Women's gear, up first
As a newcomer to a cold climate, I've found several outdoor sports I enjoy. I've figured out how to keep my body and digits warm, but my face gets so cold it goes numb and my eyeballs feel like they'll freeze in their sockets. I've gotten a mild case of frostbite on my face. How can I keep my face warm and protected?
One unfortunate aspect of exercising in cold (ok, freezing in your case) climates is that at some low point, usually around five degrees, all vanity goes out the window and you're forced to wear headgear that makes you look like a bank robber. Over the holidays I was skate-skiing at Giant's Ridge in northern Minnesota and finally broke down and bought Seirus's Thermax headliner ($20; seirus.com), a handy, lightweight, breathable, and versatile balaclava that can be worn as a neck warmer, a helmet insulator, a partial face mask, or a full-on face mask that covers everything but your eyes. The upside is that the mask allowed me to be outside three times as long as I would have been without one. Plus, the Thermax wicked away my breathy moisture that, back in the old days, would have turned my Grandma's hand-knit scarf into a frozen, ten-pound albatross around my neck.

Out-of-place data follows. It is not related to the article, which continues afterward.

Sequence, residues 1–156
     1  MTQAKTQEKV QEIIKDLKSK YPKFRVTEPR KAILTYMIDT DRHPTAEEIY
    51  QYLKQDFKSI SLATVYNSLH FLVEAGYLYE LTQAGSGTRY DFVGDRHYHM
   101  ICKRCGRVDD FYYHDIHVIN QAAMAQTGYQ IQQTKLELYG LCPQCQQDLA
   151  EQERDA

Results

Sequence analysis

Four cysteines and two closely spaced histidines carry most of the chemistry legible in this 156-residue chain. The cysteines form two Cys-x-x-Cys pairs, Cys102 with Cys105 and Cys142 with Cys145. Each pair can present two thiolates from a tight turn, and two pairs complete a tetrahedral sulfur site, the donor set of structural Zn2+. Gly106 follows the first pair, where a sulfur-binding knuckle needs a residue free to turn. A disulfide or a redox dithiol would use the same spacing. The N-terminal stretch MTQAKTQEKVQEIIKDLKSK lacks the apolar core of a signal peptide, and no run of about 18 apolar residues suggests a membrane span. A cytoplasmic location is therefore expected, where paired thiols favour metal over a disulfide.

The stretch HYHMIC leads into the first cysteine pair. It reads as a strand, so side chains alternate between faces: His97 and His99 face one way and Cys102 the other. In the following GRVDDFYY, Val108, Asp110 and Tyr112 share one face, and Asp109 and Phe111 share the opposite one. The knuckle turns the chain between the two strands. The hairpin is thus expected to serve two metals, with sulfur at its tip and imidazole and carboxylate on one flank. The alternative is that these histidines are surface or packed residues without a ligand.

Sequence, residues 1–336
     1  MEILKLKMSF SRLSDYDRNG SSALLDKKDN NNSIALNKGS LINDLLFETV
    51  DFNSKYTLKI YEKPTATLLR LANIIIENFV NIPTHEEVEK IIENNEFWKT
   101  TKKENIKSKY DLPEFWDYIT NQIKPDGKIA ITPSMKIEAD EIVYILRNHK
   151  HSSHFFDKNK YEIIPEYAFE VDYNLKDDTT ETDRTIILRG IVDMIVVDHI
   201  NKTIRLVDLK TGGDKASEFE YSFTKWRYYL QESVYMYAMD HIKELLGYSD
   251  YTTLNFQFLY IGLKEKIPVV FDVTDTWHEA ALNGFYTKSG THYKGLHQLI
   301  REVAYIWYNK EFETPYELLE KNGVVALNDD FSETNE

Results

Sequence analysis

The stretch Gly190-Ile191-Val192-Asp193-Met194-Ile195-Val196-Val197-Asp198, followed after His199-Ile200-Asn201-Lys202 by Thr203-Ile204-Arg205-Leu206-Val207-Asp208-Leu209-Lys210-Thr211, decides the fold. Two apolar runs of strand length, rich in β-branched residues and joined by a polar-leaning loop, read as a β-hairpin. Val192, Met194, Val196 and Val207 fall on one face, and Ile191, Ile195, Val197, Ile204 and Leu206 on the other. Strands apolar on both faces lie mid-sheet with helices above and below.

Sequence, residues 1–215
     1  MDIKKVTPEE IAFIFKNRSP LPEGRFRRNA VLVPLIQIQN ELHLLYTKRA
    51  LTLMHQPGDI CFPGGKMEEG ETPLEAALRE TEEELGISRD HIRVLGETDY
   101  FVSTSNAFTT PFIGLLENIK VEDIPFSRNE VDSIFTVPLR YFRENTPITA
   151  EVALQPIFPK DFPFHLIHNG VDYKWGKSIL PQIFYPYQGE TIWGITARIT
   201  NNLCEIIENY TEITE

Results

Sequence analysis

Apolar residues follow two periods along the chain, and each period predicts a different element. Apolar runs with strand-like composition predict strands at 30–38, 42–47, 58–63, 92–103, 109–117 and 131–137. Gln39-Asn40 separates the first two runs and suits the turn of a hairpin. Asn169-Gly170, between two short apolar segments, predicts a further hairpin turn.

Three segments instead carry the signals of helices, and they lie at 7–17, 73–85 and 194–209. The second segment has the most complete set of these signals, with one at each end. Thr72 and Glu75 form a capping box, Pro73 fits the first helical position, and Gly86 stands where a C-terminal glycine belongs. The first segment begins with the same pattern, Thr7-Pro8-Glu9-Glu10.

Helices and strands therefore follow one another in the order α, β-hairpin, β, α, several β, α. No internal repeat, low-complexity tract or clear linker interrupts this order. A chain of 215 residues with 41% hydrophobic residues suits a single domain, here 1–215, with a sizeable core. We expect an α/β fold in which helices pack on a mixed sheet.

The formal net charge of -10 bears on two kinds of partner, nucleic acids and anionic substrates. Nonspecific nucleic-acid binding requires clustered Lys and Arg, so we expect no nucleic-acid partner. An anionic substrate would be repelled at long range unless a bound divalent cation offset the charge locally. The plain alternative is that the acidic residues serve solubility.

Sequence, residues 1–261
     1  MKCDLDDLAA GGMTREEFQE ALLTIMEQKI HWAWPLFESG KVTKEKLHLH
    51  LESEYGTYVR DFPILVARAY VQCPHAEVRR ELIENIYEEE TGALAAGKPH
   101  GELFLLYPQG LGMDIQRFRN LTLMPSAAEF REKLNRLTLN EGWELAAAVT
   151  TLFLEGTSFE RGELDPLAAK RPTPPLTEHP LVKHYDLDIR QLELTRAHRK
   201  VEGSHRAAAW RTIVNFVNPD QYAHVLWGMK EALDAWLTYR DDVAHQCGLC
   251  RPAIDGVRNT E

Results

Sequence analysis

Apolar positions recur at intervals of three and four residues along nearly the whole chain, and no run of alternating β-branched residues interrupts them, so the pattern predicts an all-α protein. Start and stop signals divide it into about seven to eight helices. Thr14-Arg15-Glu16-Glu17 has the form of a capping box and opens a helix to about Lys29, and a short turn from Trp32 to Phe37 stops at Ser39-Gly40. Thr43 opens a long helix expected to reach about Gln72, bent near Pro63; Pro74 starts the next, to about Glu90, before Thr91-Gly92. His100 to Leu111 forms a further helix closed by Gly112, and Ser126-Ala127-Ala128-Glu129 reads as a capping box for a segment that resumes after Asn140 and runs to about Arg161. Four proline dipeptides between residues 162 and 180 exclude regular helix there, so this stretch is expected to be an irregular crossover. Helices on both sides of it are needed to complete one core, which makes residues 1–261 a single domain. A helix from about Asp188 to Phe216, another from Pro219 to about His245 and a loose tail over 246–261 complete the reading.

The downside is that the snug mask also made me feel a little claustrophobic and sometimes caused my sunglasses to fog. The balaclava may not scream "sexy ski bunny," but having grown up walking to school with my head wrapped in non-breathable, hand-knit scarves that sagged and froze under all my heavy breathing, Seirus headliners are a vast improvement.
Visit their website for a full catalog of styles.